Thanks in advance

blairy

 

 

 

 

 

 

 

 

 

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I'm afraid all that you have suggested are not must better than your Audigy card. My suggestion would be is if you have a decent phono pre now, to run a line out of your Denon into something like a Benchmark or Lavry A-D. Hell... even a something half the price would be better than the Audigy!

 

 

Regards,

 

 

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I think he's looking to digitize and record to his hard drive, not just play the LP.

He's looking for a better Analog to Digital conversion than the Audigy will provide.

 

Once digitized, you are correct, playing out through a good DAC will be the way to go.

 

shane

 

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There is one point to consider in "needledrops":

 

If they should be of a pretty good quality, one have to take care and starting the whole thing with cleaning up the discs first! There are several possibilitys to do this, and because I don`t do it at a regular basis, I admitt not to comment on these here. Maybe there is a dealer who can do the job for you for a small margin ...

 

Second: The playback system - the deck, tonearm and cartridge - should be also of a good quality, and it should be set up correctly (which could be a real pita).

 

If these two points are "cleared off", a real good phono-pre and AtoD converter will benefit from the above.

 

For the mentioned turntable, something like a EMU 0404USB (maybe a 0202USB or TrackerUSBwill do fine) should fit the needs.

 

For a better playback system, I would consider getting a good (high output ) MC cartridge with a competing Phono-pre and something like the benchmark ADC-1 or the Lavry AD10.

 

Another possible way would be to use a really good Microphone-Pre with integrated AtoD converter. In that case a Phono-Pre isn`t needed anymore, but the neccessary RIAA (De-)Equalisation must be done after the recording on the computer. There are several threads out there in other forums - but I don`t have a link at hand ... sorry.

 

Cheers

Harald

(who might have the need to do such a "job" in the near future ...)

 

Esoterc SA-60 / Foobar2000 -> Mytek Stereo 192 DSD / Audio-GD NFB 28.38 -> MEG RL922K / AKG K500 / AKG K1000  / Audioquest Nighthawk / OPPO PM-2 / Sennheiser HD800 / Sennheiser Surrounder / Sony MA900 / STAX SR-303+SRM-323II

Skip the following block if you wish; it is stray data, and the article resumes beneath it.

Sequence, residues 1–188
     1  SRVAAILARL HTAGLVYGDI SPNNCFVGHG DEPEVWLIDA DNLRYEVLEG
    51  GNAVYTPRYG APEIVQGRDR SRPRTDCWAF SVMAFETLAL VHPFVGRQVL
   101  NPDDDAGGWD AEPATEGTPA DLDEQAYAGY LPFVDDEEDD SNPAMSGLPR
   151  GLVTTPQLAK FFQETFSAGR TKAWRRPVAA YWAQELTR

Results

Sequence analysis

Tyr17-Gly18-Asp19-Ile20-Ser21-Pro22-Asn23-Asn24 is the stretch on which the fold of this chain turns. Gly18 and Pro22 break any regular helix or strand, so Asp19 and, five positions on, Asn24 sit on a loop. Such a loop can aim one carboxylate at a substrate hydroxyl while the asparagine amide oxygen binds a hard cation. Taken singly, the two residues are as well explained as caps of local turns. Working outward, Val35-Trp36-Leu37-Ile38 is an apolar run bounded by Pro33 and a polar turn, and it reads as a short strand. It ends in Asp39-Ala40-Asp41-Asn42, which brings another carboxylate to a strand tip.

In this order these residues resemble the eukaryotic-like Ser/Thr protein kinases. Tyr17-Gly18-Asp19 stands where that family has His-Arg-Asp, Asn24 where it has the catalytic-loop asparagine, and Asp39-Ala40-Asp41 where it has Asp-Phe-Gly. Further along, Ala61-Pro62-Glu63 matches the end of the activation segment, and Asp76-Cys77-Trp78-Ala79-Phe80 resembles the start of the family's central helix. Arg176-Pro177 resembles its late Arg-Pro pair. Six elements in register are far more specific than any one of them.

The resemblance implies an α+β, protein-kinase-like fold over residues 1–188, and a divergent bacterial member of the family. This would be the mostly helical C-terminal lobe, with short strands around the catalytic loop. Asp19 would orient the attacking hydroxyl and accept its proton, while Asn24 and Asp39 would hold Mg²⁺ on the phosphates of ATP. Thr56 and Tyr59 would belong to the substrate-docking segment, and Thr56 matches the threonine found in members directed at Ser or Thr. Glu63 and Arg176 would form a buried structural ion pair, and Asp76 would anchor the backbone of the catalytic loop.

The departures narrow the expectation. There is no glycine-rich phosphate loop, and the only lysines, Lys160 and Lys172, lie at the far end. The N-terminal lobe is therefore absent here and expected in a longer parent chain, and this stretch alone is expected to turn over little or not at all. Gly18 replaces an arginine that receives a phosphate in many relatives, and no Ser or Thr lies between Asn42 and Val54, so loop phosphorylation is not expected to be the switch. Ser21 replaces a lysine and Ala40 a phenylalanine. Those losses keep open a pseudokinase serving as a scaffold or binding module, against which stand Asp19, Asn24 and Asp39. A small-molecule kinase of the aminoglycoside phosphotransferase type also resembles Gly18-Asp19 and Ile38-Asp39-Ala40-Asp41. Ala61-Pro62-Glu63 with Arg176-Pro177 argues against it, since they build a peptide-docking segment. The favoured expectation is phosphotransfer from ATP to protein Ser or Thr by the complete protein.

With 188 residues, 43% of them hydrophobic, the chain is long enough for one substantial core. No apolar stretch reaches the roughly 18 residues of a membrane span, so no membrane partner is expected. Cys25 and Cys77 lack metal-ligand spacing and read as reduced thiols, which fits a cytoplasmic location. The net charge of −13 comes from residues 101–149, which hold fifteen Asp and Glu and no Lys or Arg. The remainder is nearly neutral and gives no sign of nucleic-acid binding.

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Thanks for all the replies. Phew, lots of info there...I've clearly got quite a bit to learn.

 

The Benchmark and Lavry are well out of my league, partly on price but I suspect mostly on complexity.

 

The E-Mu is a bit more like it, however doesn't feature standard RCA inputs (which probably comes back to the level of complexity and my lack of knowledge). Presumably one can get a cable that's rca at one end and Neutrix (or whatever it is) at the other end.

 

Of course all these solutions do far more than I really require although at the other end of the product spectrum they don't seem to be a decent quality.

 

Might kick this round with my son. He's been looking at mixers (korg I think) as he wants to start making his own music and getting it into a PC.

 

Thanks again and I'll post back as to how this pans out.

 

Cheers

Blairy

 

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  • 2 months later...

blairy commented... "The E-Mu is a bit more like it, however doesn't feature standard RCA inputs (which probably comes back to the level of complexity and my lack of knowledge). Presumably one can get a cable that's rca at one end and Neutrix (or whatever it is) at the other end."

You are correct that the inputs into the E-Mu (0404 USB 2.0 I assume) are Neutrik's combination XLR / Jack. These, as you commented, are not recognisable to a HiFi user who is used to RCA / Phono connections mostly. However there are simple adaptors available which will plug into the Jack portion of the connector and easily present you with a standard RCA socket.

 

An example of the adaptor is this from Maplins in UK however a trip to Radio Shack in the US (you do still have Radio Shack don't you?) will get you the same thing. You can also use these on the output connectors if you wish to use the E-Mu as a DAC as well.

 

Hope this helps you - I know your post was a short while ago.

 

Eloise

 

Eloise

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...in my opinion / experience...

While I agree "Everything may matter" working out what actually affects the sound is a trickier thing.

And I agree "Trust your ears" but equally don't allow them to fool you - trust them with a bit of skepticism.

keep your mind open... But mind your brain doesn't fall out.